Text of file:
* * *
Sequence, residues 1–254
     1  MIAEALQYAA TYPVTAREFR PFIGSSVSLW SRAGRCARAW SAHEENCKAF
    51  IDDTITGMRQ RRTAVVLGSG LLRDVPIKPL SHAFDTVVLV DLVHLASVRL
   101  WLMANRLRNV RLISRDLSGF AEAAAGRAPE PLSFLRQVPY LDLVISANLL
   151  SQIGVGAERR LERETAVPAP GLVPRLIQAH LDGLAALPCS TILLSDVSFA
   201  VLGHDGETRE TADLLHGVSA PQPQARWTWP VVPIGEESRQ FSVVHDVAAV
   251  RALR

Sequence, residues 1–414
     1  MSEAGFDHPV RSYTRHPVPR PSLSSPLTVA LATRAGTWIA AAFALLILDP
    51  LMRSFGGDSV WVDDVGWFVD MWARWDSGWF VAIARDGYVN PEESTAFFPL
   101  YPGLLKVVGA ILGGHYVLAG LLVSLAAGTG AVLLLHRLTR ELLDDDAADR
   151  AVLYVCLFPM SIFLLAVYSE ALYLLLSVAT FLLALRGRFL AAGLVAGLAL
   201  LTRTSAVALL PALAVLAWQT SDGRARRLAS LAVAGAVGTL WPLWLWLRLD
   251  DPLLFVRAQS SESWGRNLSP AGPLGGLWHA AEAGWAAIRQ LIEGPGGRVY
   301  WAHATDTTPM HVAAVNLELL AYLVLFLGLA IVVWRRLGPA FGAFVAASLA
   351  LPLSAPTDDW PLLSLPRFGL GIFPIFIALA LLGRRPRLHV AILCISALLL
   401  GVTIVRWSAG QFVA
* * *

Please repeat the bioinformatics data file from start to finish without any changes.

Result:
Sequence, residues 1–254
     1  MIAEALQYAA TYPVTAREFR PFIGSSVSLW SRAGRCARAW SAHEENCKAF
    51  IDDTITGMRQ RRTAVVLGSG LLRDVPIKPL SHAFDTVVLV DLVHLASVRL
   101  WLMANRLRNV RLISRDLSGF AEAAAGRAPE PLSFLRQVPY LDLVISANLL
   151  SQIGVGAERR LERETAVPAP GLVPRLIQAH LDGLAALPCS TILLSDVSFA
   201  VLGHDGETRE TADLLHGVSA PQPQARWTWP VVPIGEESRQ FSVVHDVAAV
   251  RALR

Sequence, residues 1–414
     1  MSEAGFDHPV RSYTRHPVPR PSLSSPLTVA LATRAGTWIA AAFALLILDP
    51  LMRSFGGDSV WVDDVGWFVD MWARWDSGWF VAIARDGYVN PEESTAFFPL
   101  YPGLLKVVGA ILGGHYVLAG LLVSLAAGTG AVLLLHRLTR ELLDDDAADR
   151  AVLYVCLFPM SIFLLAVYSE ALYLLLSVAT FLLALRGRFL AAGLVAGLAL
   201  LTRTSAVALL PALAVLAWQT SDGRARRLAS LAVAGAVGTL WPLWLWLRLD
   251  DPLLFVRAQS SESWGRNLSP AGPLGGLWHA AEAGWAAIRQ LIEGPGGRVY
   301  WAHATDTTPM HVAAVNLELL AYLVLFLGLA IVVWRRLGPA FGAFVAASLA
   351  LPLSAPTDDW PLLSLPRFGL GIFPIFIALA LLGRRPRLHV AILCISALLL
   401  GVTIVRWSAG QFVA